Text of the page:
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A proposed ‘Institute of Detectorists’ is to run a course on “Metal detecting, archaeological principles and the ‘Contextual Detectorist’“. It’s meant for people helping in archaeological surveys and Dr Mike Heyworth an acting tutor, says it’s “nothing to do with any “collection-driven exploitation””

Sadly, that’s unrealistic. Thousands of detectorists tell thousands of farmers they are amateur archaeologists, are “only in it for the history” and report everything to PAS when PAS’s statistics and EBay show otherwise. If they can show farmers a certificate of attendance from an “archaeology” course the opportunity for “collection driven exploitation” will be greatly enhanced.

So today we’re launching our own online course. We were inspired to do so by Michael Lewis of PAS who just opined: “there is a skill to using a detector effectively that comes with experience”. We disagree. The only skill they have is in distinguishing the beeps from “good” digging targets from what they term “rubbish”. Archaeological work requires no such expertise. All beeps matter.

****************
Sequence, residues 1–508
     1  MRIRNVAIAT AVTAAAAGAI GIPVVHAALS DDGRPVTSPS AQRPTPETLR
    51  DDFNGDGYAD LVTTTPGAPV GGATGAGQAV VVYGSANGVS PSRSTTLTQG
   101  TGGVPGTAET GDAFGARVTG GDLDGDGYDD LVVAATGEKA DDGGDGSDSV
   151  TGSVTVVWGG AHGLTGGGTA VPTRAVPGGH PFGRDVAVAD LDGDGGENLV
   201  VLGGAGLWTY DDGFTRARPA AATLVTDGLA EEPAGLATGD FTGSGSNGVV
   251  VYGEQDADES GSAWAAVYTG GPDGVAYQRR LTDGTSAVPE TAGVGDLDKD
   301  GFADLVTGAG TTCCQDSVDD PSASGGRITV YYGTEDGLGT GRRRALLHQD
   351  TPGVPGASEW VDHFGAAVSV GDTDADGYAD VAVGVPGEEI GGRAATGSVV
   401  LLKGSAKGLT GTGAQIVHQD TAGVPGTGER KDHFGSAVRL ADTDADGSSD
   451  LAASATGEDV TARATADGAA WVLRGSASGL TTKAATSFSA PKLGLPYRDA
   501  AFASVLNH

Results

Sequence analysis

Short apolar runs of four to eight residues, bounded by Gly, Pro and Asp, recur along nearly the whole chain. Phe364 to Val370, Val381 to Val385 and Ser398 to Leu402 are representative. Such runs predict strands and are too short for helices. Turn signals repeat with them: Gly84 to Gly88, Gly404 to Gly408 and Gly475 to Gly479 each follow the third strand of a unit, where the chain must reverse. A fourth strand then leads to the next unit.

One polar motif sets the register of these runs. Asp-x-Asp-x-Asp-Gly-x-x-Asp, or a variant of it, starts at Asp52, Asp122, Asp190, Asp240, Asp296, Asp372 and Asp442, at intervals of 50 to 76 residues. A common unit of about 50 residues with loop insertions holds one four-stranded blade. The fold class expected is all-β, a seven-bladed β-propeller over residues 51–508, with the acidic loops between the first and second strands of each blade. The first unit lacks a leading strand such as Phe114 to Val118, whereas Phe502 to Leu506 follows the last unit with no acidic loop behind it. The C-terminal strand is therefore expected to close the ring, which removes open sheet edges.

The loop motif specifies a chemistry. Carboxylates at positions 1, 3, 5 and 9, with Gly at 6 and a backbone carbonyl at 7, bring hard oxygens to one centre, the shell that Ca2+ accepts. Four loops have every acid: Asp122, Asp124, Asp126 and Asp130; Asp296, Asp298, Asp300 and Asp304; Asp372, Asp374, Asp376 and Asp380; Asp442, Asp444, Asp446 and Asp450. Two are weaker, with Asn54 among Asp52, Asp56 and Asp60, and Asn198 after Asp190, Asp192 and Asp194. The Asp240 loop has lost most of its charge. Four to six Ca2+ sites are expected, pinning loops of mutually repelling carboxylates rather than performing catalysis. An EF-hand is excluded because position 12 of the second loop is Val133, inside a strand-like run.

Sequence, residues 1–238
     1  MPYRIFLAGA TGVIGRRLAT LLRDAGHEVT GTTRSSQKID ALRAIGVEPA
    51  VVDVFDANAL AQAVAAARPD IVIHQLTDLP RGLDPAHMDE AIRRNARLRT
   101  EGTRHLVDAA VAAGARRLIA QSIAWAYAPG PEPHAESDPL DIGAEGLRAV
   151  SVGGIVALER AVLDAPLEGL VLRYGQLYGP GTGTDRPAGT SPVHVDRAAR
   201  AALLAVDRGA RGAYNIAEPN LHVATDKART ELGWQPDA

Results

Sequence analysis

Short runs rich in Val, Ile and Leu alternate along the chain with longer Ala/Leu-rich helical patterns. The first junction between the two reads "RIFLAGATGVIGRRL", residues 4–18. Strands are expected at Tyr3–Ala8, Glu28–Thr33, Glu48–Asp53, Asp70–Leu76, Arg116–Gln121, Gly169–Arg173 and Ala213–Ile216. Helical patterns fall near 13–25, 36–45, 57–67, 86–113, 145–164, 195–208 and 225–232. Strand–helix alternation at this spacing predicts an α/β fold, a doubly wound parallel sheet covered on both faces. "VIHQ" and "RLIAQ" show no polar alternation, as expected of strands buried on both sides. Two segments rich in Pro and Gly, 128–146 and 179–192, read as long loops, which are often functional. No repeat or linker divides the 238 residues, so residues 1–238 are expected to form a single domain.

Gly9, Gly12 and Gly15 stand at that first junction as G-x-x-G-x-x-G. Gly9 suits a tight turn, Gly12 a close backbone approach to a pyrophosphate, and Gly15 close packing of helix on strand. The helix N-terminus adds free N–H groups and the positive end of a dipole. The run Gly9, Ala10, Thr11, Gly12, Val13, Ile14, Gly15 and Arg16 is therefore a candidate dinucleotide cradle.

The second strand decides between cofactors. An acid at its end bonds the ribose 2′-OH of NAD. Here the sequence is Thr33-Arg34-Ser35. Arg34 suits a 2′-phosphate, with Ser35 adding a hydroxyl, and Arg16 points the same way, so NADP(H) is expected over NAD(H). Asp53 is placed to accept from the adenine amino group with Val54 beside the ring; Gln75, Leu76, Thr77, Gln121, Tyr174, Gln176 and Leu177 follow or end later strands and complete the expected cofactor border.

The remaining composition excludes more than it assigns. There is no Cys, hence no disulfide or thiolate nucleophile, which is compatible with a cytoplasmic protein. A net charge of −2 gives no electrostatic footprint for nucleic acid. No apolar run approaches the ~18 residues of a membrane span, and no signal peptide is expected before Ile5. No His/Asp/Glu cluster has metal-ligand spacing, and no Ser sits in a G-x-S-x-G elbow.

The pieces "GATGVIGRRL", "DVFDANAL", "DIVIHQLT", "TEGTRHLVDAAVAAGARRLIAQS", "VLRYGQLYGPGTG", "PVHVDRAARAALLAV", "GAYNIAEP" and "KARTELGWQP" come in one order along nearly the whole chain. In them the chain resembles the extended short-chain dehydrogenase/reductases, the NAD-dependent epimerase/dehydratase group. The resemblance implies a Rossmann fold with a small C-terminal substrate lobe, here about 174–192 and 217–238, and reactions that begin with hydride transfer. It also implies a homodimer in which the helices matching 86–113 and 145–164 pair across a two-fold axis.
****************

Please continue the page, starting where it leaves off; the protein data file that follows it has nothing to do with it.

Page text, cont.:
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More Heritage Journal views on artefact collecting
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Sadly, last Wednesday detecting was allowed to re-start in England straight after the National Council for Metal Detecting told Ministers it was a member of the Sport and Recreation Alliance, implying that detecting is pretty wholesome.